Over the years, I have witnessed many instances of other horses, usually mares, taking on 'babysitter' duties for foals. Some active, protecting the foal from other horses, some just passive and tolerant. It has always worked well for me and the foals, and made weaning and training easier. While I have had babysitter geldings, tolerant sweet boys who basically just didn't beat the foals up. I never thought about any role for a stallion in babysitting.
Two years ago for Christmas, I bought my husband a MFT gelding. His first horse was a mare (our entire herd was mares), and he had decided he wanted a gelding (it's a guy thing).
We determined that Mithril (Reg name was Finesilver's Flying Shadow) was 11 years old, and barely green broke. He had been used as a herd stallion for probably the first 8 years of his life, then gelded and shown. (He parks out and 'looks pretty' at the slightest hint of a camera) He had 2 speeds, flat out rack, and stop and park. He quickly took over lead of our little band, but other than a tendency to herd the mares and challenge the geldings across the back fence, he had no other stallion tendencies.
That spring a mini mare I rescued produced a surprise foal. The foal had many (expensive) problems, and was tiny so we kept the two of them separated in a corner paddock. From the moment the foal was born, Mithril guarded the fence line. No one else was allowed near the foal. When we finally turned the mare and baby out, he carefully herded the two away from everyone else. Once the foal got bold enough to explore, Mithril would herd her back to mom. If we were working on the foal, training or giving meds, he would stand guard until we were finished and take the foal back to mom.
We found a home for mare and baby, so didn't have to go through the weaning. But this spring, of course, history repeated it's self. The Morgan rescue (who wasn't in foal) produced a surprise baby. As you know, we decided because of mom's tendency to kick to wean the baby early. Last week we did that, and what occurred was fascinating.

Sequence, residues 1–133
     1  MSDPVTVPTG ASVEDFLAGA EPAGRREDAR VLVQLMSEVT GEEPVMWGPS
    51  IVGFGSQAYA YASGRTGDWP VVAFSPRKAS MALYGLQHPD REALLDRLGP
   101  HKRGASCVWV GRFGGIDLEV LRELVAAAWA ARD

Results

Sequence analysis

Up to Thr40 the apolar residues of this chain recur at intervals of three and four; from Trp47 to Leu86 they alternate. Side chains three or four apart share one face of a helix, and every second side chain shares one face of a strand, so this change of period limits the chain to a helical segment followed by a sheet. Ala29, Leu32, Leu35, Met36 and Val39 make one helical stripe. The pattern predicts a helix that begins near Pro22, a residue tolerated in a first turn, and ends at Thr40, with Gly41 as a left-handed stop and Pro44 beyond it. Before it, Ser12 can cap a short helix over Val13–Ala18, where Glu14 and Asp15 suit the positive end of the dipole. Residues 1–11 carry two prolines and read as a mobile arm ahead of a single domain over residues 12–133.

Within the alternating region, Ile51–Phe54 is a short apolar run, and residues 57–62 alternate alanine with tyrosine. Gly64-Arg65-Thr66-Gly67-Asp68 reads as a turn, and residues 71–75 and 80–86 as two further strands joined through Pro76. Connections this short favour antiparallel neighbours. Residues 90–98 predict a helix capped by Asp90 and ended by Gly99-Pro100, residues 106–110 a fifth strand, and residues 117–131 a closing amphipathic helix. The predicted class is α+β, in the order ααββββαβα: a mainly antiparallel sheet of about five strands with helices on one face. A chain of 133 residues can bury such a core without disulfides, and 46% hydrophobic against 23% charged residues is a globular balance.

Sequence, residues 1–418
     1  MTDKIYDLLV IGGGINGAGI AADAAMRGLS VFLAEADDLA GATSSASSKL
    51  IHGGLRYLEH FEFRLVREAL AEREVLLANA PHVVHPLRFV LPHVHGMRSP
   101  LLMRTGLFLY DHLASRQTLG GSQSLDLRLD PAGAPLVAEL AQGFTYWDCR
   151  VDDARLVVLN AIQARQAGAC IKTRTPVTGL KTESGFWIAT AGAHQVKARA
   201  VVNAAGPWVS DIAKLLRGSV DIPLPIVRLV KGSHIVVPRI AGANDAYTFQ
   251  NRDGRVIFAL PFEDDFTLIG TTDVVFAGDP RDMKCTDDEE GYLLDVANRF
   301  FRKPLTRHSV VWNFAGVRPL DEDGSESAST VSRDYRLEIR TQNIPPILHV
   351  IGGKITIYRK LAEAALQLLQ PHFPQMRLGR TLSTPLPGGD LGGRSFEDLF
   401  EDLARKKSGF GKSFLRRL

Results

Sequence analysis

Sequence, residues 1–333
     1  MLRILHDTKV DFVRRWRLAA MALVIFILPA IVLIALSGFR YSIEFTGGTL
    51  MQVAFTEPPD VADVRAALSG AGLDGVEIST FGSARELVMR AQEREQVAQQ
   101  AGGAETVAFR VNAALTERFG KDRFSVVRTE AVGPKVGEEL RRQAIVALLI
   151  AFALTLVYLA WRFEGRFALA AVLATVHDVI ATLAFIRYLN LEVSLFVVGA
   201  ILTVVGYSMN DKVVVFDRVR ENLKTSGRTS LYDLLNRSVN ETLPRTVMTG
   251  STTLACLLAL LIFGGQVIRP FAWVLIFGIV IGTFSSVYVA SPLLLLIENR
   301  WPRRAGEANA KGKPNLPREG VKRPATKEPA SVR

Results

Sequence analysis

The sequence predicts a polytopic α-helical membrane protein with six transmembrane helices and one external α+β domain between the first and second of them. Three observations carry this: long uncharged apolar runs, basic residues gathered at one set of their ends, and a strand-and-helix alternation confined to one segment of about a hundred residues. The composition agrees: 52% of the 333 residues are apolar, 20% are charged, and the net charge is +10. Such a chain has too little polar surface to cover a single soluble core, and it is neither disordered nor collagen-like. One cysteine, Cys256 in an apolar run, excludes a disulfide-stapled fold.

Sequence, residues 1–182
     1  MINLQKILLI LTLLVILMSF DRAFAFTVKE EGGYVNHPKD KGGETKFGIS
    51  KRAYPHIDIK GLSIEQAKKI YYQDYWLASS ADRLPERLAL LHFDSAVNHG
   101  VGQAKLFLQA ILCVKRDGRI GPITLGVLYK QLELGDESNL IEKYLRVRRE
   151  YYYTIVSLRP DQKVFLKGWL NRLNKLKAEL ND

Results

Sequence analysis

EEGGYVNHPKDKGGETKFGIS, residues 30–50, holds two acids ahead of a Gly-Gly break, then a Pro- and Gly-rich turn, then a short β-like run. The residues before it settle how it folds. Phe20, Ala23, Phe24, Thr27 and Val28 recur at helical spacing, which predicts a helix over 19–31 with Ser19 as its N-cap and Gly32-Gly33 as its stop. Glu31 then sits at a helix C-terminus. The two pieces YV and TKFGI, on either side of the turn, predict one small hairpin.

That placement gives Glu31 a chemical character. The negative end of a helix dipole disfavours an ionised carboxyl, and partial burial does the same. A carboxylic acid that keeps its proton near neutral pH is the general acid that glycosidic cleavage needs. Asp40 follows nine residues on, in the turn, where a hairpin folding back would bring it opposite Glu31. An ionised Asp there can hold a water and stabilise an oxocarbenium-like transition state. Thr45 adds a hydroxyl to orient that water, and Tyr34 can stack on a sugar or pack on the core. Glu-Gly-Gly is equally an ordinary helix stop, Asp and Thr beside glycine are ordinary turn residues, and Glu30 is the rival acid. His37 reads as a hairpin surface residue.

We sneakily put Rocket in a stall with grain, loaded mom (Cricket) in a trailer, and off she went. Rocket Man came out of the stall, and started calling for mom. Mithril came up to him, and followed him around as he ran the pasture calling. I saw Mithril herd him away from the fences, away from the 'evil' gelding neighbors, generally watching over him.
I went out in the pasture to get some photos of this, because Rocket Man was looking amazing with his tail up in the air, all alert. But as soon as I went in the pasture, Rocket came up to me for comfort. Since all he wanted was me to scratch him, I decided to leave. As I walked back to the barn, it suddenly occurred to Rocket that mom may still be in the barn!! He went charging back to the barn, with Mithril right behind him. While Rocket just wandered around and called, Mithril went up to the barn, and looked in Cricket's stall for her! He them looked at me, then in all the other stalls. Once he realized Cricket was really gone, Mithril put his ears back, and trudged away from the barn. When he got to Rocket he nipped him, and herded him back to the mares. I could just hear him thinking "Cricket is gone, and now 'I' have to babysit!!"
It has been two weeks now, and Mithril is still looking out for Rocket. If Killian (my 15 month old MFT colt) gets too rough, Mithril separates them. Since Rocket is the last to finish eating, Mithril waits at the gate for him. He takes his responsibilities seriously.
James Kofford at Dressage at Devon
1 week ago